In other words, "Open" is not your typical jock-autobio fare. This literate and absorbing book is, as the title baldly states, Agassi's confessional, a wrenching chronicle of his lifelong search for identity and serenity, on and off the court.
"No one ever asked me if I wanted to play tennis," Andre Agassi writes, because "what I want isn't relevant." A prodigy who traded volleys with Björn Borg at age 8, he came to dread the ball machine, nicknamed "the dragon," that his father concocted for endless hitting sessions.
In seventh grade, Agassi was shunted off to Florida to be tutored by controversial coach Nick Bollettieri. He'd dropped out of high school by age 14. The absurd scenes here describing Bollettieri's academy, which Agassi calls a "glorified prison camp," read like something from David Foster Wallace's novel "Infinite Jest."
When Agassi turned pro, he had plenty of game and a teenager's inarticulate bravado. He donned denim shorts, wore an earring, and added frosted highlights to his mullet. (It was the 1980s.) The media interpreted this as the "real" Andre, the rebel without much cause. One of his endorsements, which carried the unfortunate tag line "Image Is Everything," came to represent what many believed was his essential flaw.
By turns angry, fragile and apathetic, Agassi routinely lost important matches and seemed unable to handle pressure. Worse, he offered excuses for every defeat.
At the 1990 French Open, site of his first Grand Slam final, he wore a hairpiece to conceal his thinning hair. Concerned that the wig would fly off, he played tentatively and lost to an inferior opponent.
"Open" is rife with self-damning revelations. Agassi acknowledges using crystal meth throughout 1997 and then lying about a positive drug test to avoid punishment by tennis authorities. He confesses that he tanked certain matches.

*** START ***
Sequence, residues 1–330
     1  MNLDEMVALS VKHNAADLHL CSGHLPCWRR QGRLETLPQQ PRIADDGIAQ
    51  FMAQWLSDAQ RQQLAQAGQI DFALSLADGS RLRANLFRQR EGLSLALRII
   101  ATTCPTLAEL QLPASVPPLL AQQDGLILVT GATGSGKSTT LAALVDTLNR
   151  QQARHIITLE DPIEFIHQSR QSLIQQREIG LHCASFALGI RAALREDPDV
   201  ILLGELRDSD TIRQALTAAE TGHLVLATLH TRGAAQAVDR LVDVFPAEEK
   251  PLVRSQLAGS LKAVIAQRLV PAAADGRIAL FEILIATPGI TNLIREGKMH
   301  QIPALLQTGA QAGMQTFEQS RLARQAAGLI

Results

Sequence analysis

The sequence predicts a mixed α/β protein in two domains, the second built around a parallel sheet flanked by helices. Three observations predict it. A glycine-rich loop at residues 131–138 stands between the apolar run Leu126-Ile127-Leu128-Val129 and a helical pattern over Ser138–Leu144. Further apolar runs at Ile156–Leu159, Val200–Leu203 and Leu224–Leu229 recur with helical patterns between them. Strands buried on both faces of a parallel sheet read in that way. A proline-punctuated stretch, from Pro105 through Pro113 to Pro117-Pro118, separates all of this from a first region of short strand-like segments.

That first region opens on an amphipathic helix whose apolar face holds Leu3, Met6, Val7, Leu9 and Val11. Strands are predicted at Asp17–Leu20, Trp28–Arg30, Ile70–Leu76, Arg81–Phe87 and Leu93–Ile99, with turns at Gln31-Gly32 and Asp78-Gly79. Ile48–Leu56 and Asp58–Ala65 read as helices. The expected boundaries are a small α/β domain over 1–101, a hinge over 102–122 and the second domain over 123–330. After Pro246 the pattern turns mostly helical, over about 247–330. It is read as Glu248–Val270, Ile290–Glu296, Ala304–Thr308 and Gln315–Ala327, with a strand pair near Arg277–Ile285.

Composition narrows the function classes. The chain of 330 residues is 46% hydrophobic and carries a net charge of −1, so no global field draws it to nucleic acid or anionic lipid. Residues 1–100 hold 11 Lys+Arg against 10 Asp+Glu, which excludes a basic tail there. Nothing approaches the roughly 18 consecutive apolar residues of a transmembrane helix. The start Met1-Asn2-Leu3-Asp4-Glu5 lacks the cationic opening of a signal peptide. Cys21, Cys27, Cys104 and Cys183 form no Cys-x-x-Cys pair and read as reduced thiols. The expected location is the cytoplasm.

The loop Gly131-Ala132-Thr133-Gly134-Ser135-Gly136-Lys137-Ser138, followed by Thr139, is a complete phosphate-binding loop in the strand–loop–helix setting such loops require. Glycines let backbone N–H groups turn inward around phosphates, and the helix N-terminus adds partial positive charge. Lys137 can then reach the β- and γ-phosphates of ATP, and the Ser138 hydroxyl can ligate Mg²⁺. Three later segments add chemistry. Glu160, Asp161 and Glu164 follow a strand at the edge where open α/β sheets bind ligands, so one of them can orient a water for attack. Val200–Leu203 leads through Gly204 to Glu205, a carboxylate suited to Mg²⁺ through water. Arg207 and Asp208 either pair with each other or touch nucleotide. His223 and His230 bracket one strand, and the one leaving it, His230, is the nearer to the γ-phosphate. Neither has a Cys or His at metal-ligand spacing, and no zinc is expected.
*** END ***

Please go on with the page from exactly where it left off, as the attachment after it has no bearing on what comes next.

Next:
After taking the court and winning without any underwear, he goes commando for the remainder of his career.
Agassi repeatedly notes that he "hates" tennis. It's telling that, for years, no one believed him -- after all, slamming a fuzzy ball was making him millions -- but the solitary existence on the circuit haunted him. "In tennis you're on an island," he writes. It is "the loneliest sport."
He credits a cobbled-together support system with saving him from a Jennifer Capriati-like flameout; at various times, the crew included coaches (for years, former top-ranked player Brad Gilbert), trainers (Gil Reyes) and friends (Streisand). According to Agassi, they enabled him to face his demons and, finally, to perform to his immense potential. Before retiring in 2006, he captured all four Grand Slam titles, and eight total Slams.
Agassi never managed to eclipse Pete Sampras, his Palos Verdes-raised rival and winner of 14 Slams. Agassi respected the grinding brilliance of Sampras, but abhorred his single-minded pursuit of tennis immortality. "I envy Pete," he writes. "I wish I could emulate his spectacular lack of inspiration, and his peculiar lack of need for inspiration."
"Open" offers plenty of inside-the-locker-room intrigue, and its candor extends to Agassi's personal life. Of his marriage to actress Brooke Shields, he writes, "I have a thought no man should have on his wedding day: I wish I were leaving too. I wish I had a decoy groom to take my place."
Eventually, Agassi connected with his soul mate: tennis hall-of-famer Steffi Graf. They shared similar upbringings: Graf's father was as maniacal as Agassi's dad. The description of the fathers' initial meeting -- the two men nearly come to blows arguing about forehands and backhands -- would be amusing if it weren't so pitiable.
Agassi has publicly praised the contributions of the latest member of his team: Moehringer (who is uncredited in the book by his own choice). They met and agreed to work together after Agassi was entranced by Moehringer's acclaimed memoir, "The Tender Bar."
This was a wise choice, indicative of Agassi's hard-won maturity. Moehringer is a masterful storyteller, and both "The Tender Bar" and "Open" explore similar themes: the horrifying toll of parental neglect; the roller-coaster quest for self-identity; the all-too-human need to connect with others; the messy ways we cope with life's inevitable setbacks; the possibility of metamorphosis and redemption.
The latter resonates throughout "Open." As Agassi better understands his love-hate relationship with tennis and grudgingly embraces his stature, he undergoes a profound shift. The self-centeredness of "What do I have to do to be No. 1?" gives way to "What can I do to help others?"
The answer for Agassi, the high-school dropout, has been to finance and build a public charter school that serves low-income youth in Las Vegas. Like "Open" itself, it's an inspiring achievement.
Davis is a contributing writer at Los Angeles magazine.